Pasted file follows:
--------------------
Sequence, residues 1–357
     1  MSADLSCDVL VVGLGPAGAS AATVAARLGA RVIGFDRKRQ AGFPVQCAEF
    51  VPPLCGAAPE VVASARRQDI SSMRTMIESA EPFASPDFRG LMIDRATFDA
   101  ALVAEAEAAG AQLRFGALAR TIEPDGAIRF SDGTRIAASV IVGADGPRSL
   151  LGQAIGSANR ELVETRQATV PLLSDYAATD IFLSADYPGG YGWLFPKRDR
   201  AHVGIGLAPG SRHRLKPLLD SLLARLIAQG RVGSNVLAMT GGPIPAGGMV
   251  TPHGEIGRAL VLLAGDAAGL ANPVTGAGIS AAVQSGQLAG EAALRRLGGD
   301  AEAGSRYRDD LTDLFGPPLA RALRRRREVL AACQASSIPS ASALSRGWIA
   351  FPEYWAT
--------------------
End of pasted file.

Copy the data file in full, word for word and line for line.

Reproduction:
Sequence, residues 1–357
     1  MSADLSCDVL VVGLGPAGAS AATVAARLGA RVIGFDRKRQ AGFPVQCAEF
    51  VPPLCGAAPE VVASARRQDI SSMRTMIESA EPFASPDFRG LMIDRATFDA
   101  ALVAEAEAAG AQLRFGALAR TIEPDGAIRF SDGTRIAASV IVGADGPRSL
   151  LGQAIGSANR ELVETRQATV PLLSDYAATD IFLSADYPGG YGWLFPKRDR
   201  AHVGIGLAPG SRHRLKPLLD SLLARLIAQG RVGSNVLAMT GGPIPAGGMV
   251  TPHGEIGRAL VLLAGDAAGL ANPVTGAGIS AAVQSGQLAG EAALRRLGGD
   301  AEAGSRYRDD LTDLFGPPLA RALRRRREVL AACQASSIPS ASALSRGWIA
   351  FPEYWAT